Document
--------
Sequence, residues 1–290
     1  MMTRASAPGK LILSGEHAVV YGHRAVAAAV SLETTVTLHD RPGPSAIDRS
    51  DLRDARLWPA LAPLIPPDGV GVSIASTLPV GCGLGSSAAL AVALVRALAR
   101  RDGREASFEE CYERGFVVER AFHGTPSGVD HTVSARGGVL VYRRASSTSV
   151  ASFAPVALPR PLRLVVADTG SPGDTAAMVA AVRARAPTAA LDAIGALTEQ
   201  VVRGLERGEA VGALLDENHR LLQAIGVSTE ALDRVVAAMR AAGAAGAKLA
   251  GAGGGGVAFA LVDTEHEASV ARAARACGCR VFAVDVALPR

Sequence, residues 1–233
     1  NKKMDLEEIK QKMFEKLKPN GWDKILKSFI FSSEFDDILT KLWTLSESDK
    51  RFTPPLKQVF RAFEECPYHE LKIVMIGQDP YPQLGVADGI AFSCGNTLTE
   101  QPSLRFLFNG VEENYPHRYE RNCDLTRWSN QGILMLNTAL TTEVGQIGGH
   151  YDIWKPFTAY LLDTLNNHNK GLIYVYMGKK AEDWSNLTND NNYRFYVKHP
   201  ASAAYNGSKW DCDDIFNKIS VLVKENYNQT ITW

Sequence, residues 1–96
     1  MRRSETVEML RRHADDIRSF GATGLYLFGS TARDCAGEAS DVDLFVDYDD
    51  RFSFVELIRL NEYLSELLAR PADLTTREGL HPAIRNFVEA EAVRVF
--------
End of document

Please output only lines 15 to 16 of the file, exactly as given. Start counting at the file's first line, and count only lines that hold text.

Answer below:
     1  MRRSETVEML RRHADDIRSF GATGLYLFGS TARDCAGEAS DVDLFVDYDD
    51  RFSFVELIRL NEYLSELLAR PADLTTREGL HPAIRNFVEA EAVRVF